I am taking liberties a little by describing Gawain as a performance poem. The gorgeously-decorated manuscript in which Gawain was found along with three other poems suggests that it was also intended to be enjoyed on the page. However, during that time it was common for poems and stories to be read aloud for entertainment, and there is certainly much to be gained from reciting Gawain aloud. Simon Armitage has prioritized the poem’s alliteration in his translation, and argues that this technique is most powerful when read aloud:

On the subject of alliteration, it should be mentioned that within each line it is the stressed syllables which count. A line like ‘and retrieves the intestines in time-honoured style’ might appear not to alliterate at first glance. But read it out loud, and the repetition of that ‘t’ sound – the tut-tutting, the spit of revulsion, the squirming of the warm, wet tongue as it makes contact with the roof of the mouth – seems to suggest a physical relationship with the action being described… This is a translation not only for the eye, but for the ear and the voice as well (from the introduction to Sir Gawain and the Green Knight).

I already owned a copy of Armitage’s translation, but what I stumbled upon in the bookstore was not just any old copy, but a stunningly illustrated Folio Society edition, in perfect condition! A poem for the eye indeed!

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The Art of iPhone Games

Monument Valley by ustwo

The Room 3 by Fireproof Games

Believe it or not, but novels once enjoyed about the same cultural status as iPhone apps do today. Nowadays, novels are considered a form of high art – worthy of study at school and even university. So what will be studied in the universities of the 22nd century? And what art are we missing out on due to our prejudices, our insistence that it is not proper art?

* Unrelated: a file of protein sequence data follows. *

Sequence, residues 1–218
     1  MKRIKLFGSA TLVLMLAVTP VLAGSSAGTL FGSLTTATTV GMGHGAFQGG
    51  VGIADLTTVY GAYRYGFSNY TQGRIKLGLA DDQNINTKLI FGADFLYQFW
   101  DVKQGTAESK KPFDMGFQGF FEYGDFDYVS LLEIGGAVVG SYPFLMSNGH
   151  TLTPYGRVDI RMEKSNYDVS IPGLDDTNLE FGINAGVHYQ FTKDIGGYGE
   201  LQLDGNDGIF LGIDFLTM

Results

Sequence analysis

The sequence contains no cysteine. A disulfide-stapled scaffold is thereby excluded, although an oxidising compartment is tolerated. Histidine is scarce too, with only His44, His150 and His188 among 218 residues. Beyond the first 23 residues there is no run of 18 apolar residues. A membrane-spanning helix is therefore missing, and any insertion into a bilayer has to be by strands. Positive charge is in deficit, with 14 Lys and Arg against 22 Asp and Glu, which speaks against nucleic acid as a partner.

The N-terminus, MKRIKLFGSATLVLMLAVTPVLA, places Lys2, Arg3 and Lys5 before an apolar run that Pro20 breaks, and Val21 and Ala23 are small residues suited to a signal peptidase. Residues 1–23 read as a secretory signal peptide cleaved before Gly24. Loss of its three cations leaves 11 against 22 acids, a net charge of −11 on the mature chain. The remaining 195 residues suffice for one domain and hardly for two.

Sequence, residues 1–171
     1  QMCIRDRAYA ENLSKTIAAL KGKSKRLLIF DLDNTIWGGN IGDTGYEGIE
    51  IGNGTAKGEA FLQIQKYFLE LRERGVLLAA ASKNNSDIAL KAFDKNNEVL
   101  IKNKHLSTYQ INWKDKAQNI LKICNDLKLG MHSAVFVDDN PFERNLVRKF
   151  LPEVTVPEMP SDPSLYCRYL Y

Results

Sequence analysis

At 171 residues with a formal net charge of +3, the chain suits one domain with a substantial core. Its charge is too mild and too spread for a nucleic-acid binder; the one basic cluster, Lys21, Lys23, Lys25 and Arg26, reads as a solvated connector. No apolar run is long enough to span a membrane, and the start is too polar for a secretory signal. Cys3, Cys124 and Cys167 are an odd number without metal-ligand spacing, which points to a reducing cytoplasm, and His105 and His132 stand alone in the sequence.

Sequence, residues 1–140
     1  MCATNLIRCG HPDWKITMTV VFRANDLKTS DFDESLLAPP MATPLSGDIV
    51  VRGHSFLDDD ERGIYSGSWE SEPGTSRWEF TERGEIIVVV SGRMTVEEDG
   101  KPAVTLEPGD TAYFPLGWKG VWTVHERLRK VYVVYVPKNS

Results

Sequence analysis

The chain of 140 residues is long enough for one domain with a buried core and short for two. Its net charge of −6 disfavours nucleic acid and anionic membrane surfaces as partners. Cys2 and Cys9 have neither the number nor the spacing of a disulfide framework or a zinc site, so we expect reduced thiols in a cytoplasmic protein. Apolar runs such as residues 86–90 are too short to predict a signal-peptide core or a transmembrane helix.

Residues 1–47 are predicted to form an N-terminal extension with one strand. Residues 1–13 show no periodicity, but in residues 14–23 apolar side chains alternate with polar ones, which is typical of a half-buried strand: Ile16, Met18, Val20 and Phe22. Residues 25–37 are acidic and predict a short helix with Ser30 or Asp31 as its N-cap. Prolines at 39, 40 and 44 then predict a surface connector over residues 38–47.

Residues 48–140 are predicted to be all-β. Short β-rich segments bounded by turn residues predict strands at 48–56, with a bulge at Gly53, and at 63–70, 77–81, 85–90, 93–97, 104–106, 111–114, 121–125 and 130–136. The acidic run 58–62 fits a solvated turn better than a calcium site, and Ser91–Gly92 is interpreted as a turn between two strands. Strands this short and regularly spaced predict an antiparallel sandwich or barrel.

I recently played a game on my iPhone which completely exploded my preconception that an app could not constitute art. It’s called Monument Valley by ustwo, and it’s the most beautiful game I’ve ever seen.

The game is simple, gentle, and non-competitive. Your task is to guide Princess Ida through a dream-like landscape of impossible architecture, inspired by the optical illusions of M.C.Escher.


The gameplay is so seamless, and the soundscapes so soothing, that after finishing the whole game I replayed the individual levels over and over. Ida is aided in her “quest for forgiveness” by Totem, a small tower consisting of four yellow bricks. Yet their relationship is oddly touching, as Totem silently helps his small friend navigate the mesmerising landscape.


There are games you play when you want to switch your brain off, but what I noticed about Monument Valley was that playing it made me feel inspired. Surely, that is a mark of good art, when it makes you want to create your own.

I scoured lists of “If you enjoyed Monument Valley, you’ll love…” and after a little trial and error came across The Room. The Room is a much more challenging game, where you have to unlock a series of complicated puzzle boxes sitting on ornate tables.  I wasn’t hugely taken with it at first: it felt like a never-ending succession of finding keys and opening secret compartments which revealed other keys to yet more secret compartments. There was a storyline, loosely played out via mysterious letters and notes, but these had no bearing on the gameplay. I found The Room 2 much more engaging, as each level allowed you to explore a whole (wonderfully creepy) room, rather than just a table. And then I played The Room 3.

The Room 3 creates a world far richer and more engrossing than The Room and The Room 2.  The game begins as you are sitting in the carriage of an old-fashioned train, a picturesque landscape rolling by outside the window. As the train rushes howling into a dark tunnel, you are suddenly transported to the basement of Grey Holm – the old mansion which forms the hub-world of The Room 3. No longer are you confined to a single room: here, you must explore every nook and cranny of the library, greenhouse, clock tower, forge, and observatory in order to solve the puzzles. The storyline, while still not totally clear, is more coherent than in the earlier games, and the puzzles are more intricate and engrossing. But my favourite thing about the game is the creepy, immersive setting, brought to life by the flawless graphics and realistic soundscapes.